Alumni, students run Walla Walla wineries
November 8, 2012
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Walla Walla boasts being home to over 100 wineries alone, and tourists flock during all parts of the year to partake in this unique product of the land. It is no surprise that to come here for college can inspire some students to join the wave of winemaking that is sweeping the region.
Out of the host of wineries in town there are many that are operated by Whitman graduates. One such winery is Revelry Vintners, a winery four miles from campus that is run by alumnus Jared Burns ’03, a Whitman graduate who has hired Whitman senior Joe Volpert to work in the tasting room.
The tasting room, which is described by Revelry’s enologist and cellar master Anthony Thomas as both “classy” but “unpretentious,” is where Volpert does his work for the winery. Currently a politics major, Volpert expresses the fascination that he has found with the local wine industry and the enthusiasm which he has acquired for wine while working at Revelry.
“Through working at Revelry, I’ve become more interested in the winemaking process,” said Volpert in an email. “I’ve talked with the enologist at Revelry a lot about the process and how it works, and winemaking is something that I could see myself doing in the future.”
Working in the tasting room gives Volpert the job of welcoming and serving any costumers that enter the tasting room, as well as answering any questions that they might have about the wine. Other than the knowledge he has gained about the specific wine that is offered by Revelry, Volpert has been given the chance to partake in the process of creating the wine.
“I’ve helped with bottling the wine twice, and I got to help with a ‘punch-down,’ which is pressing down the grapes into a vat of fermenting wine. The punch-downs are really hard physical work, which I wasn’t expecting!” said Volpert in an email.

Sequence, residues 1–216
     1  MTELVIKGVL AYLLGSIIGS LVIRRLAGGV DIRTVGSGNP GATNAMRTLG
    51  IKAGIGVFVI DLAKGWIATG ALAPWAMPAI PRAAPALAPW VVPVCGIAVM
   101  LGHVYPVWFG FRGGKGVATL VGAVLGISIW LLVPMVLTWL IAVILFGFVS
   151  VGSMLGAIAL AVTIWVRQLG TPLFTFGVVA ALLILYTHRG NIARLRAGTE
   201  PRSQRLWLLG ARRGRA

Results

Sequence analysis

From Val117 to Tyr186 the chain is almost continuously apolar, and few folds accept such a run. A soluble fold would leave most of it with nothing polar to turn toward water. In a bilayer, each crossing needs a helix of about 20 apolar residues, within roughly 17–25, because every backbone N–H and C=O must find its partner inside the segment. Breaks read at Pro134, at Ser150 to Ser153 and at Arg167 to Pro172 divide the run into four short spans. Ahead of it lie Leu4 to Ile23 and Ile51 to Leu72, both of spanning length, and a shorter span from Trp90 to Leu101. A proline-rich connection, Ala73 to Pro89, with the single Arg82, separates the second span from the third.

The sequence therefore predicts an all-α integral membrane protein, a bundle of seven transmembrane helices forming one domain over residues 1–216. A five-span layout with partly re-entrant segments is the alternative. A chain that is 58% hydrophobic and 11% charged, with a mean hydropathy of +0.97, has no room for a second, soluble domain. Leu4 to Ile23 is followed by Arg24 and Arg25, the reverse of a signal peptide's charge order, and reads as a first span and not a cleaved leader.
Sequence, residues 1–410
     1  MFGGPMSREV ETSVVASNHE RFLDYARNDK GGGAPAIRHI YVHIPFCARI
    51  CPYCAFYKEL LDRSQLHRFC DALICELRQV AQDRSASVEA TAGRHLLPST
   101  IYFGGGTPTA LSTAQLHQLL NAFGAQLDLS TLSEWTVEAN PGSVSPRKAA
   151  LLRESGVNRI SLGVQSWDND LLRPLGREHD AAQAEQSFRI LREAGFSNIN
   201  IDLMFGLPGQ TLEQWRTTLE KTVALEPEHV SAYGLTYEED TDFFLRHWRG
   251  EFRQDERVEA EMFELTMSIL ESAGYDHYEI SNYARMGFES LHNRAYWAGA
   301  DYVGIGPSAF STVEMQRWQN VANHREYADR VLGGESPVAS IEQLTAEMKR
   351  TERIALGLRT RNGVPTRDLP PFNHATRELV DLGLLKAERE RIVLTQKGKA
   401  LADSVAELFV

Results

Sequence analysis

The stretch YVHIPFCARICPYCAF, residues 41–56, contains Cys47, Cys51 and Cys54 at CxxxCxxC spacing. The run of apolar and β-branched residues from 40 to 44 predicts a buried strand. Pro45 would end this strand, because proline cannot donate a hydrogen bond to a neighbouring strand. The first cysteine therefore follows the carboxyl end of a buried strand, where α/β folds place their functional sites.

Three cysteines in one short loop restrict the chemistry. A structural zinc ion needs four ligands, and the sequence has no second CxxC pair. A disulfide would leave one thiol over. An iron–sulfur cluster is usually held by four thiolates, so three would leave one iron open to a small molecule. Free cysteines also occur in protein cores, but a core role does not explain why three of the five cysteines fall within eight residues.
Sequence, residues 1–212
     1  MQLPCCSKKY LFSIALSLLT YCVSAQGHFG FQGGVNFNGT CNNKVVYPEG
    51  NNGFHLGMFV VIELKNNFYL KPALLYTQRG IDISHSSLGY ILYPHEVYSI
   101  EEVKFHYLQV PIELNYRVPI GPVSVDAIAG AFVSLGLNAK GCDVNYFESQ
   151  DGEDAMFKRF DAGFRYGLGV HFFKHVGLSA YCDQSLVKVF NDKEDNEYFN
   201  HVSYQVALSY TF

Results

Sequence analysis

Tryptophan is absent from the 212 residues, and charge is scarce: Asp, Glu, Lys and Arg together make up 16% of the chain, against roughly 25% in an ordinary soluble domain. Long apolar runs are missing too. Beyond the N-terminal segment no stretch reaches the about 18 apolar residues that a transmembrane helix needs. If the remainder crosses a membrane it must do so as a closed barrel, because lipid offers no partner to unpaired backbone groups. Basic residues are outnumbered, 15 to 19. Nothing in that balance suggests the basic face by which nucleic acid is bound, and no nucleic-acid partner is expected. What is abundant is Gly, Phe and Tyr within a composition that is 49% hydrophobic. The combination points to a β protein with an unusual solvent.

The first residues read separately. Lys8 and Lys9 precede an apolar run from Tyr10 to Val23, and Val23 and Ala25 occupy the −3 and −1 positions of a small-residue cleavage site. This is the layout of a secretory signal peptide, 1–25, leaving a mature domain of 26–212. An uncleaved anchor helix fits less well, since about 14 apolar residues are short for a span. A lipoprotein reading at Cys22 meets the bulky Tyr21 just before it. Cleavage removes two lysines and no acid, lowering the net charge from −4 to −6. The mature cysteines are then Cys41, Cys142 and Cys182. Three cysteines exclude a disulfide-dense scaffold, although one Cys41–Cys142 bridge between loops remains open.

The wine-making process is one that is deceivingly complicated and works on an intense second-by-second basis. In order to work with the wines, a person must be aware of the multiple chemical processes that are taking place at one time, requiring an ability to adapt and the knowledge to make informed decisions.
“You’re dealing with a product that is chemically speaking very complex. Because of that, you have to be very careful to monitor [the wine] at every step, so that if something happens that makes it go in the direction that you don’t want it to go in then you have to be able to change it. You have to understand the chemistry and the biology involved so that you can make the instant decisions that are informed decisions,” said Thomas.
The unique opportunity that Walla Walla holds for Whitman students to be involved in the wine industry is one that opens a whole new area of exploration. It is a profession that draws on the multifaceted ideals that Whitman holds as a liberal arts institution.
“I think the people who study wine and are successful are people who are actually passionate about wine. They are interested in not only the product itself but the process––the chemistry, the biology and the historical aspects of it,” said Volpert.
Likewise, despite Burns’ interest in the sporting industry after his graduation from Whitman, he found his true passion was in wine. Revelry Vinters opened in 2006 and Burns added his unique vision for his wine to the mix of Walla Walla’s growing wine community.
Ever since the first few commercial vineyards started popping up here in the 1980s, Walla Walla has been greatly transformed by wine. However, its development has not reached the critical levels that other wine industries such as Napa or Sonoma Valley have reached in California.
“Walla Walla has not grown exponentially as a wine industry because it is not near a metropolitan area. Napa Valley is right above San Francisco, which made their industry grow at a faster rate. We have a different environment that is conducive to making a different but also a good wine,” said Thomas.
The unique environment of Walla Walla creates this ideal space for winemaking, and also adds to the cultural assumptions about the industry. Despite the cultural stigma that wine tasting and enology is targeted at the upper class, Thomas believes that wine should be viewed as an indulgence for everyone.
“A lot of people assume that wine is reserved for people of a certain class, but that’s totally wrong,” said Thomas. “It’s not geared towards a certain class; it can be enjoyed by everyone. Everyone should have a chance to enjoy the cultural, social and historical richness of wine, and find the kind that they like.”
With this social and cultural permeability that can accompany wine, this industry opens up many opportunities for Whitman students. Whether opening a winery is an aspiration or tasting it is a hobby, winemaking has created a culture that will continue to define and expand Walla Walla.